Florence is a great character, she’s scheming and manipulative, driven by fear of abandonment, which makes her do foolish things. She lives in constant disappointment with everyone around her, always expecting them to serve her narcissistic purposes. She’s only interested in what people can be or do for her, but takes no interest in their personalities. She has no idea for example who her husband is, where he came from – he is German – or what his dreams and hopes are. Once it’s obvious he will die, filled with the horror of future loneliness, she clumsily tries to capture a widower who lives near by. The ensuing scenes are some of the funniest. Desperate as she is, she even thinks she can manipulate her grown-up children to come back to live with her. One of her favourite techniques is finding her own faults in everyone else.

“Dear God,” Florence said. “What has happened to me?”

Standing there, in the center of the room, it was as if she had come on stage to find herself in an unfamiliar play. She was, above all else, a performer, and to find that she had got the performance wrong was deeply disquieting.

I really liked The Very Dead of Winter are great deal. Not only for its wry humour and psychological insight, but also for some lovely descriptions. It’s not a flawless novel, there are a few instances of shifty point of view, but that didn’t diminish the experience one bit. I’ll certainly read more of Mary Hocking, might even re-read The Very Dead of Winter.

I leave you with two final quotes, one from the beginning of the novel, the other can be found towards the end:

The beginning of the journey had been enchanting. Porcelain blue sky and the sparkling white canopy transformed dingy streets into fantasies of unimaginable purity and, passing out of town, they came to broad fields where sunlight reflected the trellis of branches like veins across the snow.

She stood there a long time while the shadows crept towards her, deeps of blue from which a tree stump rose like the funnel of a sunken steamer. On the other side of the hedge, and between the bars of the gate, the sharpness of outline blurred into a mist of pink and grey shot through here and there with a shee of palest turquoise.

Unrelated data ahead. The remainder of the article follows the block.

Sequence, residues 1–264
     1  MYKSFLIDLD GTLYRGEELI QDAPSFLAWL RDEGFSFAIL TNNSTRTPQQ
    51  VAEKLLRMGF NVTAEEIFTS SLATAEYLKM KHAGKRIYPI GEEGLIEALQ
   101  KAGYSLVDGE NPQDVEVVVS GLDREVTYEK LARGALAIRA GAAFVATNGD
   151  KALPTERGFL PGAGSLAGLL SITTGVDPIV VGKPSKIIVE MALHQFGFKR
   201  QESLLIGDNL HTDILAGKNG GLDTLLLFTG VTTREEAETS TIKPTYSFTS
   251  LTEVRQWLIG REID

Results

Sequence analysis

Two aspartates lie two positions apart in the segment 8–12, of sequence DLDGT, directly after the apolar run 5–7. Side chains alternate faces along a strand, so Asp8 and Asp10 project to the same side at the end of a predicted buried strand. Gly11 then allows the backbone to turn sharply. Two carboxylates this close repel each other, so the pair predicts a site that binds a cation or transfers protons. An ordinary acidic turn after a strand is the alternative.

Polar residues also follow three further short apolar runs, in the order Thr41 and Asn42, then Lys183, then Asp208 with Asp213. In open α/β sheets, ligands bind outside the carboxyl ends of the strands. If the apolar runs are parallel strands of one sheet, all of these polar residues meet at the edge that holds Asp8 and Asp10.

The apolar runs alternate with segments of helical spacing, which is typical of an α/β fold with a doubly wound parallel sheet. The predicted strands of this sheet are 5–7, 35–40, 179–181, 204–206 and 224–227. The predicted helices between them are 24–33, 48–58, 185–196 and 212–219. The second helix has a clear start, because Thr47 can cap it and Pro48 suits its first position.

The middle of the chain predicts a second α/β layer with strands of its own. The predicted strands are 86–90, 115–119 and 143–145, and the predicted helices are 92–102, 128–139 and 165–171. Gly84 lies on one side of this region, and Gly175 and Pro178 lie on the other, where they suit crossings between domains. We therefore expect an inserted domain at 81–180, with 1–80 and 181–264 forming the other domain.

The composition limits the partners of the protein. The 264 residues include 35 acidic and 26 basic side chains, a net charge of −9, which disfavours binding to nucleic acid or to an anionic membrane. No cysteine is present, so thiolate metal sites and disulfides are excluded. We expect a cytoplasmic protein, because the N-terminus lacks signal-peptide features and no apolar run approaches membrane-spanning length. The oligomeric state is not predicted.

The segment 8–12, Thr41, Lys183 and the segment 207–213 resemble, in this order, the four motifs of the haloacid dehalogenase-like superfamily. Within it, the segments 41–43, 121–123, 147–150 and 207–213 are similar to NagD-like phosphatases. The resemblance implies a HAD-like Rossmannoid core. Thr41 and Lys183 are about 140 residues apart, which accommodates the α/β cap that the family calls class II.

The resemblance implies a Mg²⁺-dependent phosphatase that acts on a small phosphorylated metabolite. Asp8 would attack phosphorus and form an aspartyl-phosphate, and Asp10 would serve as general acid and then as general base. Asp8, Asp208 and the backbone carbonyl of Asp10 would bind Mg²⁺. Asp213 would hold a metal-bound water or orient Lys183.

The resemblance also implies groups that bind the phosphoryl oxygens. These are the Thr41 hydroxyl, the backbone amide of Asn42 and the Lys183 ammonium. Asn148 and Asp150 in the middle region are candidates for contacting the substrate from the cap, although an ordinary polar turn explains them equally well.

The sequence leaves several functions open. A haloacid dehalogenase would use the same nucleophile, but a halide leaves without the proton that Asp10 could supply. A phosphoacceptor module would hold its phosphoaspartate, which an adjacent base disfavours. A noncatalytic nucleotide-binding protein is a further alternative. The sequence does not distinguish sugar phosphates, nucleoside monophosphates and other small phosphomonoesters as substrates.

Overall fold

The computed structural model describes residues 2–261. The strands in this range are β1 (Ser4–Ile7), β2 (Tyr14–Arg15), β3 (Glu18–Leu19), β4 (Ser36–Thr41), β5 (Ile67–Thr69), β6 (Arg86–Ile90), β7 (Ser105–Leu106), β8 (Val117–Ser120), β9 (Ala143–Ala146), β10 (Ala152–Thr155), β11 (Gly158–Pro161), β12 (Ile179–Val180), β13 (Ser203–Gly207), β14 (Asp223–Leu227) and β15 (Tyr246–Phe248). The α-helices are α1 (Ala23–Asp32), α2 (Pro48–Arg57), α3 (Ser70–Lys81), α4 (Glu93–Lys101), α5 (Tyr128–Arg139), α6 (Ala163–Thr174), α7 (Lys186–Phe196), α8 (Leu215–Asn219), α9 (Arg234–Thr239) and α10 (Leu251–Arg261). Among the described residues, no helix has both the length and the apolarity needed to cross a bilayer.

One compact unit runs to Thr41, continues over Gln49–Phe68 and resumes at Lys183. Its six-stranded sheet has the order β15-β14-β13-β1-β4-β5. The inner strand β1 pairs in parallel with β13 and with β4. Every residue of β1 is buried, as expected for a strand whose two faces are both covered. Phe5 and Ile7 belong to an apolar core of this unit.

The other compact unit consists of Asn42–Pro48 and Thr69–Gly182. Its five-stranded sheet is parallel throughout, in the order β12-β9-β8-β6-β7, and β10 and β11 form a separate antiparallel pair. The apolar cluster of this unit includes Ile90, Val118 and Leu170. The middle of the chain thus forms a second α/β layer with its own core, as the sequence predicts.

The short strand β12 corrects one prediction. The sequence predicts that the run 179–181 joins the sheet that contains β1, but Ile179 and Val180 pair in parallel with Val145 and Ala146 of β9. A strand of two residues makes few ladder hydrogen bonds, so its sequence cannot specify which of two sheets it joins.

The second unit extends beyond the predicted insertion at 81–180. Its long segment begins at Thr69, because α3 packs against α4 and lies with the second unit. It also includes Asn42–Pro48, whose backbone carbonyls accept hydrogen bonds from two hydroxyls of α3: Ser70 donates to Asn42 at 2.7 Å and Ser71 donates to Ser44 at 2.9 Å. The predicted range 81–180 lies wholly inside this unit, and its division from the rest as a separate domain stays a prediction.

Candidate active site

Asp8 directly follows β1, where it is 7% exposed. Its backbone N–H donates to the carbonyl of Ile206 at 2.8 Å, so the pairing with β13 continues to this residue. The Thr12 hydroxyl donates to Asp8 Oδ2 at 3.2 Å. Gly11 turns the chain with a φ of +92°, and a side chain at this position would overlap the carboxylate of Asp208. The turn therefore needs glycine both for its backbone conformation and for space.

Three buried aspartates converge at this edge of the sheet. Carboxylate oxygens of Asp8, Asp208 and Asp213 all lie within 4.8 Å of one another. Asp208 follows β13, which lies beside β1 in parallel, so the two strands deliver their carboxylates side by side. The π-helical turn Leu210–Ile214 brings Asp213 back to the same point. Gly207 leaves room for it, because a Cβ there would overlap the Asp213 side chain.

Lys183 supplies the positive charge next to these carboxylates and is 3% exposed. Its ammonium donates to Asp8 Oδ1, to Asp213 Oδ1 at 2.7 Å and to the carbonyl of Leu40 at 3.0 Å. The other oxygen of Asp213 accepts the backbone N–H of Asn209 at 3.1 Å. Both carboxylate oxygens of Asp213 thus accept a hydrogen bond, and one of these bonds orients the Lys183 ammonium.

Some Plans: Spanish Literature – Japanese Literature and Mary Hocking

Japanese Literature Challenge

I’m not good at sticking to plans and projects these days. Especially not when I add reading lists to my intro posts. That jinxes it every time. Therefore, I’m not going to make the same mistake again and just let you know that I will take part in three events. Maybe these announcements will inspire the one or the other to join as well.

First up is Heavenali’s Mary Hocking Reading Month. I’d never heard of the author, nor was I familiar withHeavenali’s blog before I saw an announcement on Kaggy’s Bookish Ramblings. Browsing told me that Mary Hocking is right up my street and I decided, if I can get one of her many novels (many are out of print), I’ll join. So this is the only plan I’m sharing. I’ll be reading Mary Hocking’s The Very Dead of Winter.

The Very Dead of Winter

Here’s the blurb

This is a portrait of a family forced to confront the grievances of their shared past. In the very dead of winter they assemble at a remote country cottage enveloped in snow. Mary Hocking has also written “Good Daughters, Indifferent Heroes”, “Welcome Strangers” and “An Irrelevant Women”.

Should you want to join, there are quite a lot of used copies available. She’s written a lot of books, many of which have been published by Virago and are still in print. You can find a list on Heavenali’s blog.


July is Spanish Literature Month hosted by Richard (Caravana de Recuerdos) and Stu (Winstonsdad’s Blog). Two years ago, when they hosted the first Spanish Literature Month I had some wonderful plans and failed miserably. This year it should be different. I’ve been collecting books for the event, the general direction might be crime, but I’ll decide what I’ll read spontaneously.

Japanese Literature Challenge

Bellezza’s Japanese Literature Month 8 has started on the first of June and runs until the end of January 2015. On Bellezza’s blog you’ll find reading suggestions and links to the review site. This year I will read whatever I like, without taking into consideration whether or not the book has been translated into English. Hopefully I’ll be in the mood for something that has been widely transalated.

Will you participate in any of these events?